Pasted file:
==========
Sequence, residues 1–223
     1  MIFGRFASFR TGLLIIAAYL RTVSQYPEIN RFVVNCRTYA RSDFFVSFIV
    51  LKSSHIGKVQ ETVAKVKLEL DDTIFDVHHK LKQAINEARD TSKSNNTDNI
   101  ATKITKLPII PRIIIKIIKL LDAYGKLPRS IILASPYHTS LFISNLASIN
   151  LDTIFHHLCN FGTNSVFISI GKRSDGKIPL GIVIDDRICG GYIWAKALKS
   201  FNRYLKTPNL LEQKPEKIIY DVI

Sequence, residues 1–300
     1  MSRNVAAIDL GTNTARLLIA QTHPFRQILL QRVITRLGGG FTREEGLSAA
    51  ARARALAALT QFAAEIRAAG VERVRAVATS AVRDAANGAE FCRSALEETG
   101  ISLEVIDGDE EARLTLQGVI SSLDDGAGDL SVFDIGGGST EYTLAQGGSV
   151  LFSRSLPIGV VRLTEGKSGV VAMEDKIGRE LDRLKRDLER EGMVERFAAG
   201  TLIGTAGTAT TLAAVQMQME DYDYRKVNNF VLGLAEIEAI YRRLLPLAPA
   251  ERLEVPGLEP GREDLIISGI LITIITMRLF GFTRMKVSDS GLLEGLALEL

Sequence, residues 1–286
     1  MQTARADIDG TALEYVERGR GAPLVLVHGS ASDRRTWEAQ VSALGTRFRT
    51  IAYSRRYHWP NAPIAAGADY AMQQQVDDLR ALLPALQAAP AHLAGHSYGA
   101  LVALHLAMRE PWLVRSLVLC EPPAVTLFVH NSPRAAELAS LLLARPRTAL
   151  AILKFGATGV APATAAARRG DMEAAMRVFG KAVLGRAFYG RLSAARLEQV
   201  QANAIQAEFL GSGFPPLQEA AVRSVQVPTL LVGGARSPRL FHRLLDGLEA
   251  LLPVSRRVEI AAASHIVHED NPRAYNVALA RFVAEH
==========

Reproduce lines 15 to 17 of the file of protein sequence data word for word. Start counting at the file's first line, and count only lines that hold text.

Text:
     1  MQTARADIDG TALEYVERGR GAPLVLVHGS ASDRRTWEAQ VSALGTRFRT
    51  IAYSRRYHWP NAPIAAGADY AMQQQVDDLR ALLPALQAAP AHLAGHSYGA
   101  LVALHLAMRE PWLVRSLVLC EPPAVTLFVH NSPRAAELAS LLLARPRTAL